Gary Condit, a former representative from California, was reported to have an affair with Chandra Levy, an intern at his Washinton DC office. After she disappeared he admitted to the affair but denied anything to do with her disappearance. He was cleared as a suspect, however, when Chandra’s body was found and police determine that Ingmar Guandique, a Salvadorian immigrant, was responsible.
13. When North Dakota Governor William Langer took office in 1932, he and five co-conspirators required all state employees to donate part of their annual salaries to his political party. Collecting this money was not prohibited by state law and was a common, traditional practice. However, when donations were made by highway department employees, who were paid through federal relief programs, the US attorney charged that the donations constituted a conspiracy to defraud the federal government. He and his colleagues were eventually brought to court. Although he was convicted of a felony and told to resign as governor he ended up declaring North Dakota independent, instituting martial law, and barricading himself in the governor’s mansion until the Supreme Court would meet with him. Eventually a settlement was reached and a new governor was chosen.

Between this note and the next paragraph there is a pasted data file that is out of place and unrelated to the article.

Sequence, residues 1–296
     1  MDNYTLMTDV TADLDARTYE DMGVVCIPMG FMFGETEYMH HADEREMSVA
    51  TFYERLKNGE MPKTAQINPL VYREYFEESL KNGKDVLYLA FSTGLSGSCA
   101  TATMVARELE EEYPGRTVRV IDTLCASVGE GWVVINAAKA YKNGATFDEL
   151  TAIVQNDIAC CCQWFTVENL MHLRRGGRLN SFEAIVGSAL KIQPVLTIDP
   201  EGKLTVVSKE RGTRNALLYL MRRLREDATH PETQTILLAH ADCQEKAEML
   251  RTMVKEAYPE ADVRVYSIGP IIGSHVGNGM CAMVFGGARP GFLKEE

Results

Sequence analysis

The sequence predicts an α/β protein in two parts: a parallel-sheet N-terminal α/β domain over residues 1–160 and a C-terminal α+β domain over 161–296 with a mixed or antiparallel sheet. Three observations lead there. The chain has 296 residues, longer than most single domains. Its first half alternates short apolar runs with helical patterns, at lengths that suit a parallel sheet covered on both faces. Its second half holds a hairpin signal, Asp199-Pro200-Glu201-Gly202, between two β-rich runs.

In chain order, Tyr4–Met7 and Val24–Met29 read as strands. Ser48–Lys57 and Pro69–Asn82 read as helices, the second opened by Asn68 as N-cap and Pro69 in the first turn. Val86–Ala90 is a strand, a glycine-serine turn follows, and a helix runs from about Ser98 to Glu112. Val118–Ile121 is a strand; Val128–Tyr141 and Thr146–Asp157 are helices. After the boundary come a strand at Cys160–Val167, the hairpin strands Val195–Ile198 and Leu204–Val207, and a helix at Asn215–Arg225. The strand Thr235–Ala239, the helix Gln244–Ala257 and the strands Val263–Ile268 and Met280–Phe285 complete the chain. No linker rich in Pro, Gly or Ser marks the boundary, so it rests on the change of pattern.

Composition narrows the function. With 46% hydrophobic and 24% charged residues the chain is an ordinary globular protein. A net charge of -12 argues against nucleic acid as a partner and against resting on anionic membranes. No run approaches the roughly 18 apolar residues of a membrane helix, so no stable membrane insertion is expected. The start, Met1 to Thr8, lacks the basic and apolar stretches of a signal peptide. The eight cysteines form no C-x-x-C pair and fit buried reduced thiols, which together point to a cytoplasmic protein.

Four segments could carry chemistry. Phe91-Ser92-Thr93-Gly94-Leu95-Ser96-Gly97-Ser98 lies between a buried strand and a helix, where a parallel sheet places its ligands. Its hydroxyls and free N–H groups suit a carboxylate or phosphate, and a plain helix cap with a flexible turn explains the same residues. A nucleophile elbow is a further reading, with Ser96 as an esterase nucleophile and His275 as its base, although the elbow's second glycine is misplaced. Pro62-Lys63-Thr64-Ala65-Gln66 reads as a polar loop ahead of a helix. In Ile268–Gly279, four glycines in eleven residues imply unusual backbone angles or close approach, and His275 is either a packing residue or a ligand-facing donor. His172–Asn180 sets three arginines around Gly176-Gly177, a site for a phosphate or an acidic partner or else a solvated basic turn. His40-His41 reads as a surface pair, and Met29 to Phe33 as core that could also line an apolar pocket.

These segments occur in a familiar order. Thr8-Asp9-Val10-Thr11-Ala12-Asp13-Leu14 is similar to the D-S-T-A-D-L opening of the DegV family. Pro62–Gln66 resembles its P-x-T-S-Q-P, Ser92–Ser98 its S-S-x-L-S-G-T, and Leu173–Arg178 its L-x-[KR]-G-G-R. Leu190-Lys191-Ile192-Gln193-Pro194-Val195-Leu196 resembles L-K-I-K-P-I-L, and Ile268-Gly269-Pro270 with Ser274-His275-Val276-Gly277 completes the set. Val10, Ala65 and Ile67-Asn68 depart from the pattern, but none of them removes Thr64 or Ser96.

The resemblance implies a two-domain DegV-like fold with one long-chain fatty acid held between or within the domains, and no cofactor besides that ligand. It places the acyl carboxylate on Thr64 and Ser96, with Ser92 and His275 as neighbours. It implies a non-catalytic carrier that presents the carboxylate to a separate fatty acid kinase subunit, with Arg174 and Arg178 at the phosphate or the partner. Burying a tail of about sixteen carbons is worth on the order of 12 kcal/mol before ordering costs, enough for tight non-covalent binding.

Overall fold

After standing up before Congress and yelling, “You Liar!” at President Barack Obama congressman Joe Wilson was rebuked by the House of Representatives for his behavior and he later apologized to the president about the event.
12. The Langer Affair